Occupational therapists traditionally work with people of all ages in regaining or acquiring daily life skills for maximal independence. Mastery of life skills in the areas of self-care, work and play/leisure are the central focus of occupational therapy practitioners. As such, OT’s may work with an injured worker in a return-to-work program, an elderly person recovering basic self-care skills after a stroke, or in a school system with children needing to acquire skills for their education.
Children represent a unique challenge as their systems are still developing. Their primary goals are learning and applying basic concepts, interaction with peers and caregivers, integrating into societal systems such as school.
The role of occupational therapists with students is to enhance or adapt the learning environment of the classroom to maximize learning opportunities while removing barriers to learning as needed. Barriers may be physical such as an injury or something present at birth such cerebral palsy. Environmental barriers are also common and can include accessibility such as stairs, doorways, ramps, lighting or appropriate seating. The occupational therapist consults with the educational team to make the necessary changes to the classroom environment in order to improve access to the learning experience.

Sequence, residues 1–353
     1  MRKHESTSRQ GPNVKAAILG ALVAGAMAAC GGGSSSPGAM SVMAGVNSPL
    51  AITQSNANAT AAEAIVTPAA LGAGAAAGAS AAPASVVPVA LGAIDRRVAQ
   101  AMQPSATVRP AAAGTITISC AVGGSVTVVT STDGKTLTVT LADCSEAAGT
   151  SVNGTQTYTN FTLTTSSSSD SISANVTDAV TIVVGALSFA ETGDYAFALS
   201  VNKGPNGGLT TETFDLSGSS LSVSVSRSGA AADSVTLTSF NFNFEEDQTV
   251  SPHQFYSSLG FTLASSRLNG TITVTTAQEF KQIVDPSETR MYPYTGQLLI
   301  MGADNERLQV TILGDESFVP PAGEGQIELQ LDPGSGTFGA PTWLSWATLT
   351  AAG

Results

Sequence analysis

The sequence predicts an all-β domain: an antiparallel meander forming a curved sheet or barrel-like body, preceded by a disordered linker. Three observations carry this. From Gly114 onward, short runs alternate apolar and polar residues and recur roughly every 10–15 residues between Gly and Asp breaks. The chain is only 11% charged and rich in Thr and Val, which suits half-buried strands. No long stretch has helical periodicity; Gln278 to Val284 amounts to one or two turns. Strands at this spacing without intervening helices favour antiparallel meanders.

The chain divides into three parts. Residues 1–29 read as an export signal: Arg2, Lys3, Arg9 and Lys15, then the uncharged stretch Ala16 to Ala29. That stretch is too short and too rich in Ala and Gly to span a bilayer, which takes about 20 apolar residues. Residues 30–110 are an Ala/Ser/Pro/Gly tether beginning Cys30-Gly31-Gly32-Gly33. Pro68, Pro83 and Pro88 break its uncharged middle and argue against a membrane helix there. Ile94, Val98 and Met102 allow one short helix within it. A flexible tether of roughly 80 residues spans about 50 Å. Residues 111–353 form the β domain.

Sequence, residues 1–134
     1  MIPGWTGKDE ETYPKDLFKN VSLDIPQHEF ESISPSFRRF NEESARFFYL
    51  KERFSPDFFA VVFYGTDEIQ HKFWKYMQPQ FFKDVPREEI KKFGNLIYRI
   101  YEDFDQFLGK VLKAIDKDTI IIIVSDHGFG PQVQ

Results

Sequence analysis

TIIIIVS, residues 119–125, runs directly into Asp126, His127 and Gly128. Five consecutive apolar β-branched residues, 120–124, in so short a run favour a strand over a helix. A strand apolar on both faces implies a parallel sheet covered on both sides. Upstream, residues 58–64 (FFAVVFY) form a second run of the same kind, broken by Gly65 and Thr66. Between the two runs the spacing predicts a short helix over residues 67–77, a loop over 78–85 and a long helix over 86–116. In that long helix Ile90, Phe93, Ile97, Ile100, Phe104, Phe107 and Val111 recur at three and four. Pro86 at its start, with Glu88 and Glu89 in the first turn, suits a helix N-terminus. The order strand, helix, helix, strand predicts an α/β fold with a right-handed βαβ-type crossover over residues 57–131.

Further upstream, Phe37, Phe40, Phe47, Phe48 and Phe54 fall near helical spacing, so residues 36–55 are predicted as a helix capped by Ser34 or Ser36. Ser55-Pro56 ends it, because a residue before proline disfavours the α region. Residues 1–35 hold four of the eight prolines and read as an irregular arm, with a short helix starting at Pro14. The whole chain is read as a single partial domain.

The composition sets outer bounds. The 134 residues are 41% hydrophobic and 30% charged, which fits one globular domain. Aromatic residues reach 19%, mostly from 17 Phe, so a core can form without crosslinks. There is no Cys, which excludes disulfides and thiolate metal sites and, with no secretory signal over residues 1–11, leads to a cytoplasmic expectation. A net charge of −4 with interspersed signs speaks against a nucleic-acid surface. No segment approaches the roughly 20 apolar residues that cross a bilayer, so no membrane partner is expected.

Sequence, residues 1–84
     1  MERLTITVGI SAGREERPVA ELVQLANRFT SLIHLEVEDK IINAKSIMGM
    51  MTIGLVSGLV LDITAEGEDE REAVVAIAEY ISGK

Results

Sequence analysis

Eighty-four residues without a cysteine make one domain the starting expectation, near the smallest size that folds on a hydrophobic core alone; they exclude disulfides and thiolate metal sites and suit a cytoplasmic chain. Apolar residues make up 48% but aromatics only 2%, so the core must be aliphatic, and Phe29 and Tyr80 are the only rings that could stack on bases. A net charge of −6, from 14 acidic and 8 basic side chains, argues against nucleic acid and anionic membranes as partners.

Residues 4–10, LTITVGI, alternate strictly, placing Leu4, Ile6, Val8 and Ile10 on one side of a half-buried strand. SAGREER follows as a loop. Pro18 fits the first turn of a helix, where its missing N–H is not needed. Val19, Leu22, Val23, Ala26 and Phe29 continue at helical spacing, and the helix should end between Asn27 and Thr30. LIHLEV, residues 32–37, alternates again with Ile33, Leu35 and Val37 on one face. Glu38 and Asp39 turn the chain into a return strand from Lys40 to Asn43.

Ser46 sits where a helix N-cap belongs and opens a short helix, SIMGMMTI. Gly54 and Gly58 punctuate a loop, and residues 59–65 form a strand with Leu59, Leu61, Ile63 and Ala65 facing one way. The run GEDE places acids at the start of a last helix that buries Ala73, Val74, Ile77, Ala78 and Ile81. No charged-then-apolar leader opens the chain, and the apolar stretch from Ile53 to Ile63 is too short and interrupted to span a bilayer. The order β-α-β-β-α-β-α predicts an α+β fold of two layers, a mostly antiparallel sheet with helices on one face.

Outside the classroom, OT’s may be asked to be present in the home or in a private practice to work with children who have developmental delays or autism. In these settings, developmental milestones are addressed such as the progress from crawling to standing/walking, use of toys and play for learning and acquiring skills for mastery of basic movement and self-care.
Community members seeking OT services for their loved one or child should consult their physician, local healthcare organization, or educational district for a referral to an occupational therapist.